Gyokuran Sōkujakuzu (Picture of White Magnolia And Two Peacocks)
Kaneshige Ankō was born in Yamaguchi prefecture in 1872. She lost the complete freedom of her legs in an accident when she was 5 years old, which has no denying that this had a significant impact on the development of her painting career. She followed her father to Tōkyō in 1880, where she initially studied Western-style painting. She then switched to Japanese-style painting to study it under Noguchi Shōhin, a female Nanga painter who later became an Imperial Household Artist. Gaining experience under Shōhin, Ankō was very active in the Japan Art Association and the Japanese Painting Association to be selected for the 2nd Bunten exhibition in 1908. She returned to Yamaguchi Prefecture during World War II for evacuation, where she died in 1946.
“Gyokuran Sōkujakuzu” was painted in 1927. Completing large paintings one after another at this period, Ankō placed herself at her best. Ankō summed up this large painting in a concise and powerful composition with a finish of the peacocks in gold paint and vivid colors to beautifully depict their lustrous feathers.
Shunjū Kachōzu (Picture of Spring / Autumn, Flower / Bird)
This is a 1928 painting by Kaneshige Ankō. She was lame as mentioned earlier, which seems to make landscape painting out of her forte. Many of Ankō’s landscape paintings, available from the data, are patterned in the Nanga style, which is thought to have been learned from her master, Noguchi Shōhin. In terms of Kachō-ga, on the other hand, she showed her great ability as you can see even in this work. Similar to this work, Ankō’s works include “Kouka Zenkei,” in which wisteria and chicken are depicted (a traditional painting of a male and female chicken with a flock of chicks), and “Shūen Kinshū,” in which autumn plants are depicted (an autumn garden with autumn leaves and flowers). Particularly in this work, azaleas, Farfugium japonicum, sunflower, and sparrows are added to each of its scrolls to make it more decorative. It is accordingly inevitable that the painting looks a little complicated. In terms of technique, the depiction of the wisteria trunk is splendid. She skillfully devises different shades of sumi (black ink) along with the use of brush’s blur to depict the smooth but uneven texture uniquely of the wisteria trunk. In addition to the vivid depiction of sparrows and dragonflies in autumn, the considered use of the tarashikomi technique (Tarashikomi: A high-level technique of Japanese-style painting for attaining natural blur by making use of the difference in the specific gravity of pigments.) for the depiction of sunflower leaves cannot be overseen.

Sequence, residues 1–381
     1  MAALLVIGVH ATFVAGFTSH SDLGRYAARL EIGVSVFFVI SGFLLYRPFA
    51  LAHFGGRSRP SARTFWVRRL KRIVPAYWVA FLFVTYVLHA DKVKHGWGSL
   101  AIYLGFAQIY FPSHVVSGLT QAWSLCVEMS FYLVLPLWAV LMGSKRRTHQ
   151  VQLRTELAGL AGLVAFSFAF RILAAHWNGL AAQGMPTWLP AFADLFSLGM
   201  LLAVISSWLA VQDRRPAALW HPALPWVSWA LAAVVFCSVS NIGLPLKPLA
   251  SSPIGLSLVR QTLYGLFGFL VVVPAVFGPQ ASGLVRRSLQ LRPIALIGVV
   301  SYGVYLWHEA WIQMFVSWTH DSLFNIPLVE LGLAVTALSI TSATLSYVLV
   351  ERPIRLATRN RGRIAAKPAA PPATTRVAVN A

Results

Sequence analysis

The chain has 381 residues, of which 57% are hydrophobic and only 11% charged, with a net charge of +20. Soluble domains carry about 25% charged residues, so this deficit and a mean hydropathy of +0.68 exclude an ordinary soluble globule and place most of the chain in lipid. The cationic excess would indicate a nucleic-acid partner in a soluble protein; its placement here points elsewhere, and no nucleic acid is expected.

Ume-ni Kasasagi (Plum and Magpie)
The free-growing trunks of the giant mossy plum tree are very powerfully depicted, adding intensity to the painting. You may wonder if this way of depicting a plum is quite rare. The scene is composed around the tree trunk, which is drawn up to the very top, leaning slightly to right. 3 magpies are placed diagonally from the upper right to the lower left to give the composition some variety and movement. The absence of splendor with colors through the combination of the white plum blossoms and the magpies gives a sense of withdrawn strength. This work is one of Ankō’s masterpieces.